The SFMTA initially installed temporary plastic posts to separate the Fell bike lane, but they were removed with a re-paving and never replaced. The Oak bike lane never got them at all.

Traugher’s suggestion for a short-term, seemingly no-brainer measure? “The curb needs to be painted red.” Some more enforcement from SFMTA and SFPD might also work, too.

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The (Not-So) Odd Reasons Why SFPD Parks Cars All Around Park Station

This path outside SFPD’s Park Station is blocked by an SUV — for an unusual reason. Photo: Aaron Bialick

A few years ago, SFPD’s Park Station in Golden Gate Park started storing police trucks and vans on a short section of pathway adjacent to the station’s fence. I first noticed this while biking on Kezar Drive several years ago, and since then I’ve never seen the path without a police vehicle and/or barricade in the way. The section is at a fork between a pedestrian-only path and a shared ped/bike path, so people can still walk around the barricade to take the fork.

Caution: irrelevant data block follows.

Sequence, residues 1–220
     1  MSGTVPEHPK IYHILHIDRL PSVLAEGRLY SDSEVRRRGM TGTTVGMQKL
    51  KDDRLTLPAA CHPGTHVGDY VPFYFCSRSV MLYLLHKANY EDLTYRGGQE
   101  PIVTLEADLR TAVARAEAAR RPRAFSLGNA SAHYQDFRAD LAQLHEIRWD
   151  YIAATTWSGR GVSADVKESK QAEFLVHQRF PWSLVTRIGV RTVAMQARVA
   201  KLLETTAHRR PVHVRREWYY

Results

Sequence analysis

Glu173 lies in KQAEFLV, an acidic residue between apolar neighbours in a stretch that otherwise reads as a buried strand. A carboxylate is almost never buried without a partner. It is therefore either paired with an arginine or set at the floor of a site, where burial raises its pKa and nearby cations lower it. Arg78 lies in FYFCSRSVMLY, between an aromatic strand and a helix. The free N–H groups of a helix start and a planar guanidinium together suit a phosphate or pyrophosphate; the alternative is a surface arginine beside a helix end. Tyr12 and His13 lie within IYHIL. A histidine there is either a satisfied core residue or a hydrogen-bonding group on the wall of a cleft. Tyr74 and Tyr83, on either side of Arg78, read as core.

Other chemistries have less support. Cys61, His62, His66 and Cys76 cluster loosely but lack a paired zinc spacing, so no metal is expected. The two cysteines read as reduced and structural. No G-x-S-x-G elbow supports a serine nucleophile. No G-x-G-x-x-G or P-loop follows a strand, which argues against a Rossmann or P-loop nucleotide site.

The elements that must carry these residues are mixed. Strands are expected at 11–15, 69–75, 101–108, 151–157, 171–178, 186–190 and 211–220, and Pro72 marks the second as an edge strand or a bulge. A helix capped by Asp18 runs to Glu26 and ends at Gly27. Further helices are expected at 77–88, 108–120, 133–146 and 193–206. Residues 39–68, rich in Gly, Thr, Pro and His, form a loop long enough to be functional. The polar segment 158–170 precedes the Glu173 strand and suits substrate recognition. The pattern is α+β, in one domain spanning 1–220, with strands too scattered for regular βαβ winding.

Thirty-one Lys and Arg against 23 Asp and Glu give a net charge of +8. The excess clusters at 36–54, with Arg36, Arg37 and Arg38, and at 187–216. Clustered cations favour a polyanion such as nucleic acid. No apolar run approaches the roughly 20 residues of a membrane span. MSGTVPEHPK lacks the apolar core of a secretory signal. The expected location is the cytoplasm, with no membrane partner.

The explanation for the SUV storage, however, was unusual — stay with me and we’ll get to it below.

Around the same time, I also noticed stencils on the clear part of the bike/ped path, warning pedestrians and bicyclists to watch out for drivers entering and exiting the station — putting the onus on the vulnerable users going straight through, rather than the trained police officers making a turn. This absurdity wasn’t too surprising, given former Park Station Captain Greg Corrales’ reputed low regard for people on bikes. He was known, for instance, to order his limited enforcement staff to conduct stings of bike commuters rolling stop signs on the Wiggle. The “watch out” stencils on the path have mostly worn off by now.